Global Funds Shift to Longer-Term Indian Bonds

by | May 15, 2024 | 0 comments

During the last week, the percentage of foreigners’ investments in long-term local bonds with 10 years or more maturity has increased to 17% while it was at 11% in September. On the other hand within the same period, Bloomberg’s numbers show that investments into short term obligations with a maximum lifespan of five years decreased by ten per cent down to 44%.

India’s long-term bonds are being bought by global investors in growing numbers, who hope that the Reserve Bank of India (RBI) will adopt a more supportive monetary policy. 11% of foreign investments were made in Indian bonds with maturities of ten years or more last week, a significant rise compared to September’s 17%. Meanwhile, Bloomberg data has indicated that over the same period the percentage of those invested in bonds maturing in five years or less has fallen from 54% to 44%.

The most popular bond duration is still between eleven and fifteen years. Jerome Tay, an investment manager at abrdn Plc Singapore, ascribes this to lower inflation and expectations that RBI will ease its tight monetary stance.

Read Also: Zomato Q4 Results Spark Target Price Hikes, 26% Upside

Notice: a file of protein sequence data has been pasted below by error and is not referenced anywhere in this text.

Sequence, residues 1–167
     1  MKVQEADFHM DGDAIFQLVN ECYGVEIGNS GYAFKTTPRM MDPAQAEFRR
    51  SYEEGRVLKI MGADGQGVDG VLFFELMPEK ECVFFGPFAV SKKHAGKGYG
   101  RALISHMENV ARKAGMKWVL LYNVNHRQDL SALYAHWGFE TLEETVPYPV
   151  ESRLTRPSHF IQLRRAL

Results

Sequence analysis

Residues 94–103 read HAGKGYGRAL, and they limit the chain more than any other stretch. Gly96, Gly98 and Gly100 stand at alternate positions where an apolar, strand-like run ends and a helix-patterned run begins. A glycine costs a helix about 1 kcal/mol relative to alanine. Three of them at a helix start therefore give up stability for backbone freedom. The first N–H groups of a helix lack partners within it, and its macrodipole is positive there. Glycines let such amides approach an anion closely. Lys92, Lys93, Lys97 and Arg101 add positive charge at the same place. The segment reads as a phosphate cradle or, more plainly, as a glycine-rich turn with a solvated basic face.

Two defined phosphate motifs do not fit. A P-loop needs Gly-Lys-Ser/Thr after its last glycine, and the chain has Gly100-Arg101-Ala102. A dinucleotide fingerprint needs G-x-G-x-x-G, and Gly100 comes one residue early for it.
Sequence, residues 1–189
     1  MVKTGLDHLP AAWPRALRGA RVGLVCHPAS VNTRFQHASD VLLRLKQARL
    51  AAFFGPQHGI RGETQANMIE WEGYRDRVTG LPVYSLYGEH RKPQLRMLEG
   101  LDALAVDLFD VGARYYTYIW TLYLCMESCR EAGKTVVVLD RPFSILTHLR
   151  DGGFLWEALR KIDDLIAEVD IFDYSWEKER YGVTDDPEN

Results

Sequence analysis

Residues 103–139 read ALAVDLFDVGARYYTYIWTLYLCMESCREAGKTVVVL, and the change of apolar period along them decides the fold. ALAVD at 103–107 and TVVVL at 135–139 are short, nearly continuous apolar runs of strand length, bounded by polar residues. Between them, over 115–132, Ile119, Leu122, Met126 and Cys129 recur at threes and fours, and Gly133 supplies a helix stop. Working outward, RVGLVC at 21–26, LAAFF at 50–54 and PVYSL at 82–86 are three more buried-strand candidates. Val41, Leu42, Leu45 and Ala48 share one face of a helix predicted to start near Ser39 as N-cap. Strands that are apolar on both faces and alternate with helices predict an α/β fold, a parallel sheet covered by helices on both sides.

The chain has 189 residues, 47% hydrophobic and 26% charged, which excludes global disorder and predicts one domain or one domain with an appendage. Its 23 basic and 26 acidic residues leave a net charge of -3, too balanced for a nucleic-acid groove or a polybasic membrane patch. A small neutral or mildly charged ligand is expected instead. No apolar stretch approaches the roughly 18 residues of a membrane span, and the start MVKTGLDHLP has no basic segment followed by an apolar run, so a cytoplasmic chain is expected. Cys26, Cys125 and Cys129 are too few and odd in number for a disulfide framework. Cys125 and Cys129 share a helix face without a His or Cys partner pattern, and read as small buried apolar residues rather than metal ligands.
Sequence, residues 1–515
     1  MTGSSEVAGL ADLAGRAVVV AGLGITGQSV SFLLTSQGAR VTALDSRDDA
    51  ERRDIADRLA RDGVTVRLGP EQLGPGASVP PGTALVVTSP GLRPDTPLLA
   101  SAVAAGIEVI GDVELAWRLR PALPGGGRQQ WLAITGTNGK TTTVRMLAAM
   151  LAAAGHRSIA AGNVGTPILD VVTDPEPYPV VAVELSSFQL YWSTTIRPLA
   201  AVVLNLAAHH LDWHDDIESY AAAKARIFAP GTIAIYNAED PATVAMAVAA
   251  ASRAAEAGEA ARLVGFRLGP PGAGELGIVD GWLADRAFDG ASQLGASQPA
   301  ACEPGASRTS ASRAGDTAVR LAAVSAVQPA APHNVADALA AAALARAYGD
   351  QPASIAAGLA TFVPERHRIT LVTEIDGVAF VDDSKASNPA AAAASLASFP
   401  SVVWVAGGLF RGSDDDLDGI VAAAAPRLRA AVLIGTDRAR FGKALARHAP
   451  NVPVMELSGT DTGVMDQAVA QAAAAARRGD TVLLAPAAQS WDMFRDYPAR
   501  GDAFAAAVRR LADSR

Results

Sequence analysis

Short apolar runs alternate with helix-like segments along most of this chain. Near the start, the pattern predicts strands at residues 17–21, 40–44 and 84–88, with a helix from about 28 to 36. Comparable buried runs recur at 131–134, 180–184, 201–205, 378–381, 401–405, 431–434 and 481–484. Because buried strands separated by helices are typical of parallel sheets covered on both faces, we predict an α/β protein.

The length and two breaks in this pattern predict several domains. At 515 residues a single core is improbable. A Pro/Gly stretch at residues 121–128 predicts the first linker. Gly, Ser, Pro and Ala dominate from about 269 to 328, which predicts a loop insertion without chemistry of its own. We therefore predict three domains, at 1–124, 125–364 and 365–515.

This shift comes at a critical time for the Indian markets with national elections coming up and inclusion of India’s bonds into JPMorgan’s key emerging market index in June which could attract up to $40bn investments according to Goldman Sachs.

Moreover, RBI is intending to achieve this with respect to longer-dated securities. However, we now look at interest rate cut dates projected by Bloomberg surveys which have been rescheduled but should start from October-December. This was after March inflation rates came close to RBI target of 4%, when it fell below 5 percent.

Before planned rate cuts occur some bond investors are preferring longer term maturities seeking potential returns. In fact, ten year or greater durations are more favoured by investors due to historical tightening moves by RBI which widened the gap between funding costs versus US dollar borrowing expenses as said Abhay Gupta from Bank of America Singapore.

These are all FAR eligible Indian Bonds for JPMorgan’s Index – meaning ‘Fully Accessible Route’ – under this route securities must have minimum remaining maturity (MRM) of 2.5 years and face value above USD1bn.

Further still, there is another angle through which international exposure can be added to Indian financial instruments with Bloomberg Index Services Ltd. incorporating India into its emerging markets index from January.


Submit a Comment

Your email address will not be published. Required fields are marked *

two × 5 =

Related Articles